By Deborah Kendrick



If any of you lacks wisdom, let him ask God,
who gives to all men generously and without reproaching,
and it will be given him
~ James 1:5


My short definition for wisdom is this: Wisdom lets you learn from other people’s mistakes. That is the best short-cut I have found in life…so far. Before you think of how “unfair” that sounds, consider this—the Bible is a book that explicitly details the flaws, mistakes, errors in judgment, and outright sins of many who are named in it. All of this has been preserved and given for our benefit. These stories are where we begin to learn from the mistakes of others. When we wash our minds with the Word of God, His wisdom enters our hearts.

So how does this wisdom come to us? Solomon began by asking God. When Solomon prayed that solitary request, God granted his desire—and so much more. Solomon simply asked for wisdom, not for riches, wealth, honor, the life of his enemies, or even long life for himself. God not only granted him wisdom and knowledge, but He also granted Solomon all that he had not requested. Wisdom will make us aware of the consequences of our decisions and actions before we make them. As we become more sensitive to the promptings, warnings, and insights that wisdom gives, we are also responsible for heeding them.

As we learn to trust these messages and co-operate, we grow in the depths of wisdom. Most people have experienced something like this: while driving down a road with no traffic, you have a compelling sense to slow down when there is no apparent reason. Just around the next bend, a car is disabled, and the driver is in a dangerous place—heeding that prompting saved the other driver and you.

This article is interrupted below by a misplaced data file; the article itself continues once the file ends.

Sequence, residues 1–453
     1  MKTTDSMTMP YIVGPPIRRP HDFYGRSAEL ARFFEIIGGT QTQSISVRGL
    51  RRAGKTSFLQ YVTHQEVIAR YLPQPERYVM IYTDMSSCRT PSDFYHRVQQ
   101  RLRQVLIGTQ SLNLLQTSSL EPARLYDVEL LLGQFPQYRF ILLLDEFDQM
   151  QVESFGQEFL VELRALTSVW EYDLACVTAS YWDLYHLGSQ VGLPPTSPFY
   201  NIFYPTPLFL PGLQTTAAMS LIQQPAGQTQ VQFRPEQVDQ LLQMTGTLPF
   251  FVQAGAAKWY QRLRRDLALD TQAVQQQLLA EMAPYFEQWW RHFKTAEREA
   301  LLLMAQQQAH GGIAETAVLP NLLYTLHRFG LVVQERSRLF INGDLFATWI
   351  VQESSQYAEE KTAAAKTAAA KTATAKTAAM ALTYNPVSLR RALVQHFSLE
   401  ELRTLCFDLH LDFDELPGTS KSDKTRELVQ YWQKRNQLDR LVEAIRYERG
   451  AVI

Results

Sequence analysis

Time in prayer is where wisdom is imparted. Wisdom invites us into a room where we dwell together in a meditative exchange of thoughts and ideas. Wisdom reveals itself in authenticity, originality, knowledge of witty inventions, solutions for unsolvable problems, finding the way when there is no way, replacing despair with hope . . . reminding us to bring extra oil for our lamps.


Lord, grace me to pray in Spirit and Truth, seeking wisdom above all else. May I know the fellowship of Your thoughts and ways. Let Your Kingdom come, and Your Will be done on earth and in me, as it is in Heaven. Amen

Call to Action

Read one chapter of Proverbs every day for a month; conveniently, there are 31 chapters. Who knows, after a month with these words of wisdom, you may want to make it a habit!


**A version of today’s blog post first appeared in WINE’s Called By Name: 365 Daily Devotions for Catholic Women.


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